The Federal Trade Commission ("FTC") voted 4-0 on Friday, January 31, 2014 in favor of a settlement with GMR Transcription Services, Inc. ("GMR") and two of its executives in connection with the leakage of sensitive medical files onto the Internet due to inadequate data security measures used by GMR's subcontractor.1 The matter highlights the importance of conducting due diligence on subcontractors' data security practices where personal information is involved, and also negotiating data security requirements into subcontractor agreements – two steps that, if taken by GMR, may have mitigated or even avoided the incident altogether.
GMR is a transcription service provider based in California and converts digital audio files into transcripts for a range of clients, including universities, large corporations, government agencies, health care providers and hospitals. According to the FTC, GMR uses independent typists and outsourced service providers to perform typing services in the conversion process. Fedtrans Transcription Services Inc. ("Fedtrans"), an India-based firm specializing in medical transcription services, performed transcription typing services for GMR from 2009 until mid-2012. Fedtrans similarly relied on a network of independent typists to perform the transcription services. Once Fedtrans received an audio file from GMR, Fedtrans notified its independent typists, who would download the file from Fedtrans' network, convert it into a Microsoft Word file, and upload it back to GMR's servers for distribution by GMR to the client. Instead of encrypting the files, which contained a host of sensitive personal information, the complaint alleges that Fedtrans stored and transmitted audio and text files in a readable format using a File Transfer Protocol application. Further, Fedtrans' systems were configured such that the files could be accessed online without any authentication credentials, which resulted in the unauthorized disclosure through public search engines of thousands of medical transcripts containing sensitive personal information, including patients' names, dates of birth, addresses, email addresses, social security numbers, driver's license numbers, tax information, and medical history and examination notes. According to the complaint, GMR failed to make reasonable inquiries into Fedtrans' security practices before engaging its services, which inquiries would have revealed the inadequacies in Fedtrans' data security practices, and furthermore failed to otherwise contractually require Fedtrans to implement "reasonable and appropriate security to protect personal information" such as data encryption, anti-virus protection, and file access credential requirements. According to the FTC, these failures amounted to unfair and deceptive practices in violation of Section 5(a) of the Federal Trade Commission Act3 as GMR made claims in its privacy policies and otherwise on its website that its medical transcription services were "HIPAA compliant"4 and ensured "‘data security and absolute privacy for all … medical records and documents'".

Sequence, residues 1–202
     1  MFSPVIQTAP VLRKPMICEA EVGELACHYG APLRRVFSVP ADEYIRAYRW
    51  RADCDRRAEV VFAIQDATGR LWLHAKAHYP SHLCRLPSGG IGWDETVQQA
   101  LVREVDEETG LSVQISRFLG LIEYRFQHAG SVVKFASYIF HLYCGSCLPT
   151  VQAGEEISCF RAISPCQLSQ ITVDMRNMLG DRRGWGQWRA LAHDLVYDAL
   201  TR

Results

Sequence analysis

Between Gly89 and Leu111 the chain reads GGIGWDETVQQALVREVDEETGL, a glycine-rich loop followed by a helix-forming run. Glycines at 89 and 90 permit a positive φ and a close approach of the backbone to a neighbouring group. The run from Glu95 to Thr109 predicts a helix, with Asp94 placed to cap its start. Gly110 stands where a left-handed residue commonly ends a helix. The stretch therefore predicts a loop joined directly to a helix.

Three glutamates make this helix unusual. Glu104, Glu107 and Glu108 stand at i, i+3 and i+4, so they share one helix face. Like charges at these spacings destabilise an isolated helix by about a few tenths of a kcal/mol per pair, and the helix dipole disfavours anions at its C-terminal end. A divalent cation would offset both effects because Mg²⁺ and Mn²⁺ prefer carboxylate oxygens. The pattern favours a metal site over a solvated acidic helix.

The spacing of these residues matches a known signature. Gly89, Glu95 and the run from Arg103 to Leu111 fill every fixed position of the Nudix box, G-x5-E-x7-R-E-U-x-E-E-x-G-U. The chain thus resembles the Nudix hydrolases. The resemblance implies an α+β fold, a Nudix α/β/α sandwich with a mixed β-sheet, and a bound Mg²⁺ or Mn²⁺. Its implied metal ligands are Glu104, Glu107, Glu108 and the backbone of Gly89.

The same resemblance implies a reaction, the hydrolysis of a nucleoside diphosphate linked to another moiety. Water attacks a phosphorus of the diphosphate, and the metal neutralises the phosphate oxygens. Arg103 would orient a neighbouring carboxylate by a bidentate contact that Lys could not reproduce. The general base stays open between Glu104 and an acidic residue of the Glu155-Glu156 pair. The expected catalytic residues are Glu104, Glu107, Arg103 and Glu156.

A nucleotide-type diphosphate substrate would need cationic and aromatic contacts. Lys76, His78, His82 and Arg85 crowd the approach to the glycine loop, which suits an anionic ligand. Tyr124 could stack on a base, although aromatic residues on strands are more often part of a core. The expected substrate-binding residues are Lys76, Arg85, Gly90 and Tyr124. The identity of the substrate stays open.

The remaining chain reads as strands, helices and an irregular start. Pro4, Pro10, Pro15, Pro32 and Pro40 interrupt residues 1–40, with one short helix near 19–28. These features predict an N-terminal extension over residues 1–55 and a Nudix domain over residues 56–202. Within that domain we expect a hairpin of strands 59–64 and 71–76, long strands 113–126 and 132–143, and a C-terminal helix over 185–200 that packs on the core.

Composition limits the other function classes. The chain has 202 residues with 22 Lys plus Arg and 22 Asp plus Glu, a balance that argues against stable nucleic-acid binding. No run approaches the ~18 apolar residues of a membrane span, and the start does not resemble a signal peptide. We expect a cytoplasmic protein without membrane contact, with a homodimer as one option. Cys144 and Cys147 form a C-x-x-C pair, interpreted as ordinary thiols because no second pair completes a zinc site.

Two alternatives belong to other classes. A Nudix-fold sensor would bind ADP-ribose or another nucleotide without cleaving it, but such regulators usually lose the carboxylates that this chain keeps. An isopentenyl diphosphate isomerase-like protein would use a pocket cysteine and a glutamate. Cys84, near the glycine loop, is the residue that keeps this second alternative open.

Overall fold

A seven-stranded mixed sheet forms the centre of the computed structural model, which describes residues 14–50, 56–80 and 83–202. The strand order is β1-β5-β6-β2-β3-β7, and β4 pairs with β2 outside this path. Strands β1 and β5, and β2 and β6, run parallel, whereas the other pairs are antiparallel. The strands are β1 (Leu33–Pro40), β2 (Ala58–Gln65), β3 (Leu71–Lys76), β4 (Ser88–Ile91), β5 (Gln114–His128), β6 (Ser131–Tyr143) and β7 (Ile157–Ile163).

Under the settlement approved by the FTC, GMR is required to establish, implement and maintain a written "comprehensive information security program reasonably designed to protect the security, confidentiality, and integrity of personal information," which program shall include "administrative, technical, and physical safeguards," designated employees to be held accountable for the security program, comprehensive risk analyses and assessments, employee training, system monitoring, ongoing evaluation and adjustment, and "the development and use of reasonable steps to select and retain service providers capable of appropriately safeguarding personal information they receive from [GMR], and requiring service providers by contract to implement and maintain appropriate safeguards." Further, the settlement requires GMR to engage an independent third-party service to audit its security program on a biennial basis, and to provide such third party audit reports and other related compliance materials to the FTC during the twenty year term of the settlement. GMR is also prohibited from further "misrepresent[ing] … the extent to which [it] … protect[s] the privacy, confidentiality, security, or integrity of personal information collected from or about consumers.
The GMR case emphasizes the importance of ensuring that subcontractors handling personal information have adequate security measures in place – a burden the FTC has placed on the primary service provider rather than on subcontractors – and that adequate data protection requirements are expressly set forth in subcontractor agreements to ensure a remedy in the event of a data breach. Businesses that collect, store, transmit or otherwise use personal information are advised to investigate subcontractors' data protection practices, including by way of reviewing third party audit reports and written data security policies where available, and ensuring that subcontractors' practices are in line with the company's own privacy and security policies. Furthermore, companies should require in their written agreements that subcontractors maintain adequate physical and technological security measures. It may be best to draft into agreements a requirement that subcontractors maintain "reasonable and appropriate security to protect personal information" and to also list specific safeguards that track the GMR settlement and other precautions suggested by the FTC, various states and privacy advocacy groups. To provide flexibility for future changes in the law and technology, the listed security measures should form a minimum set of requirements rather than an exclusive list.